What is PKD?

What is PKD?

Polycystic kidney disease (PKD) is one of the most common, life-threatening genetic diseases. It affects thousands in America and millions worldwide, who are in urgent need of treatments and a cure.


PKD Facts

  • In autosomal dominant PKD (ADPKD), fluid-filled cysts develop and enlarge in both kidneys, eventually leading to kidney failure.
  • PKD is the fourth leading cause of kidney failure. More than 50 percent of people with PKD will develop kidney failure by age 50.
  • Once a person has kidney failure, dialysis or a transplant are the only options to treat the damage the disease has caused.
  • It is a painful disease that impacts quality of life. The average size of a normal kidney is a human fist. Polycystic kidneys can get much larger, some growing as large as a football, and weighing up to 30 pounds each.
  • Parents have a 50 percent chance of passing the disease to each of their children. Unlike some genetic diseases, it does not skip a generation. Because it can be passed from generation to generation, PKD often affects many people in one family.
  • Approximately 10 percent of the people diagnosed with PKD have no family history of the disease, with PKD developing as a spontaneous (new) mutation. Once they have it, there is a 50 percent chance of passing it on to each of their children.
  • PKD equally affects people of all races, genders, nationalities, geographic locations and income levels.

Symptoms of PKD

People living with PKD can experience these common symptoms:

  • High blood pressure (hypertension)
  • Frequent urinary tract infections
  • Blood in urine (hematuria)
  • Protein in urine (proteinura)
  • Mitral valve prolapse
  • Hernia
  • Back/flank pain
  • Kidney stones
  • Enlarged kidneys
  • Depression and anxiety (due to stress and emotional impact)


Autosomal recessive polycystic kidney disease (ARPKD) is a relatively rare form of PKD, affecting approximately 1 in 20,000 children. It often causes death in the first month of life.

  • For ARPKD children who survive the newborn period (about 70 percent), approximately one-third will need dialysis or transplantation by age 10.
  • Previously thought to be a fatal condition, the prognosis for children with ARPKD has improved dramatically. Twenty years ago, only half of the children born with the disease survived to their 10th birthday, but now that percentage has increased to 85 percent.

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About the PKD Foundation

The PKD Foundation is the only organization in the U.S. solely dedicated to finding treatments and a cure for PKD to improve the lives of those it affects. We do this through promoting research, education, advocacy, support and awareness on a national level, along with direct services to local communities across the country.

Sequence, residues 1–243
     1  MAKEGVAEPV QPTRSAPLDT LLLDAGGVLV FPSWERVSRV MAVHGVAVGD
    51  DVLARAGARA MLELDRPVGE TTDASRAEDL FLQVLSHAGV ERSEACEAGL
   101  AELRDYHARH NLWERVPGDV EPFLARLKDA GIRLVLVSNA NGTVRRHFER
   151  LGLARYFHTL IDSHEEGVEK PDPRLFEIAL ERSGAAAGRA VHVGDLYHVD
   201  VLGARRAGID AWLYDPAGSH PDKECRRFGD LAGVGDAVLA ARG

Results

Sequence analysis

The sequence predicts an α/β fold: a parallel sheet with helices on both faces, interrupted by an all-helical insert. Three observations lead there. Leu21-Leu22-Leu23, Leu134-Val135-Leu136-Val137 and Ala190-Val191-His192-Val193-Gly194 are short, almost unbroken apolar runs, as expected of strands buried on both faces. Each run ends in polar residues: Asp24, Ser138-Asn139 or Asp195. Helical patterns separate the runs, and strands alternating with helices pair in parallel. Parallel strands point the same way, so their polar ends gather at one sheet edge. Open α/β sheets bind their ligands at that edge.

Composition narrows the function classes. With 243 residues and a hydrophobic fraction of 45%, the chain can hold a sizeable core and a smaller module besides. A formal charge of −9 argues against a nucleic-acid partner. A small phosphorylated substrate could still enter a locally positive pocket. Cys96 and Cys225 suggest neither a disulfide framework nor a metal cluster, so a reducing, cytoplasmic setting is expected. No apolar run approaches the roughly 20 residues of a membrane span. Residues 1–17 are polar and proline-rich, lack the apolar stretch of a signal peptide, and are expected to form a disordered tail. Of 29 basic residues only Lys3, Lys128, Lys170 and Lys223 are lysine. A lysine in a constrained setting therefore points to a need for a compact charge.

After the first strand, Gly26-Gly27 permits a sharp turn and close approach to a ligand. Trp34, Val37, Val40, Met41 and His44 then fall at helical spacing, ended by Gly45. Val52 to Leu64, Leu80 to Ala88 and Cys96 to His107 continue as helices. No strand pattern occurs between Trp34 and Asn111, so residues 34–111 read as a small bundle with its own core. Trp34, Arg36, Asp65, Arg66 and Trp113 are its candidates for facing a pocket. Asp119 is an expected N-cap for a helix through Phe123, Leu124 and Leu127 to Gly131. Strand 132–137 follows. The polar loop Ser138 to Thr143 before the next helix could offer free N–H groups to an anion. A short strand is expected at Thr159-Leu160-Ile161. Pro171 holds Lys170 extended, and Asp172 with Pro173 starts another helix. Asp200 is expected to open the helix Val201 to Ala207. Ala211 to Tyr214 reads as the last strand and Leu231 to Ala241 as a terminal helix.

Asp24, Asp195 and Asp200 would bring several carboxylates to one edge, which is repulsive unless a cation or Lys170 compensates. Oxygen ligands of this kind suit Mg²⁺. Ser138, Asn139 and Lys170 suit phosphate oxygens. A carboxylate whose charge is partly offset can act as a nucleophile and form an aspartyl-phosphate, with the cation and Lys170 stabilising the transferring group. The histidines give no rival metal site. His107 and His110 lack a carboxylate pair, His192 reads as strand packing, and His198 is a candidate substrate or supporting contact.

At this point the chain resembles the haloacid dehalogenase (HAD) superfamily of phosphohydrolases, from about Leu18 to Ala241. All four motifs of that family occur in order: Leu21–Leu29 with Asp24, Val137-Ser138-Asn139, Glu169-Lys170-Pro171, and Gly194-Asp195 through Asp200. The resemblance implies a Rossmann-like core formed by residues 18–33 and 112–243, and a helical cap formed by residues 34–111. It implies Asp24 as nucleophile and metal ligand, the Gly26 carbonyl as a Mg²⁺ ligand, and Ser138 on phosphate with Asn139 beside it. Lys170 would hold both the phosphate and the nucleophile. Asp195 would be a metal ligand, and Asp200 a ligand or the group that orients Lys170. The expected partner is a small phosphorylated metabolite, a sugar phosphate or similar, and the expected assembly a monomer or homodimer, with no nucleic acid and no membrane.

Our vision is that one day no one will suffer the full effects of PKD.


Since its founding in 1982, the PKD Foundation has invested more than $38 million in research, clinical and scientific grants, as well as fellowships and scientific meetings, making us the second largest funder of PKD research after the National Institutes of Health (NIH). This has led to new discoveries about PKD, including identifying the genes responsible for PKD, which enables researchers to investigate possible treatments.


We provide in-depth resources and education about living with PKD to empower people to manage their health. Offerings include webinars, videos, a multi-faceted website, online communities and print materials. The biannual PKD National Convention is the Foundation's largest education event.


We play a key role in legislative advocacy to support PKD-related initiatives. The PKD Advocacy Action Center provides resources and ways for people to advocate, and the Foundation sends Advocacy Alerts for legislative and public policy issues impacting PKD patients and families.


The PKD Connection is our blog for people to be inspired and empowered, and to connect with others affected by PKD. Discussion boards provide a forum for PKD patients, family and friends to make connections, ask questions and share stories and experiences.


We raise awareness through marketing and public relations so people know what PKD is, about the Foundation and how to donate. Marketing materials include PKD Progress magazine and PKDnews monthly email newsletter. Voices of PKD features testimonials and stories about people's experiences with the disease.

Walk for PKD

The Walk for PKD is our signature event to raise funds and awareness. Walks take place in more than 50 cities across the nation each year, with more than 11,000 walkers. The event has raised nearly $24 million since 2000.


We provide local services through its more than 60 volunteer-run Chapters across the country. These volunteers bring to life the mission of the organization by ensuring that no one faces this disease alone.

  • Education meetings provide valuable information from health care professionals, while support activities range from lending a listening ear to organized group outings.
  • Chapters raise funds for the Foundation through events like the Walk for PKD and Cocktails for a Cure.

How You Can Help

  • Donate: The research, advocacy, education, support and awareness the PKD Foundation promotes would not be possible without you.
  • Get involved: Volunteer, advocate, join a Chapter and spread the word.


Your Organization

2000 Daniel Island Drive, Charleston SC 29492
Phone: 800.443.9441 | Fax: 843.216.6100

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©2019, PKD Foundation ·The PKD Foundation is a 501 (c)(3), 509 (a)(1) public charity.

©2019, PKD Foundation ·The PKD Foundation is a 501 (c)(3), 509 (a)(1) public charity.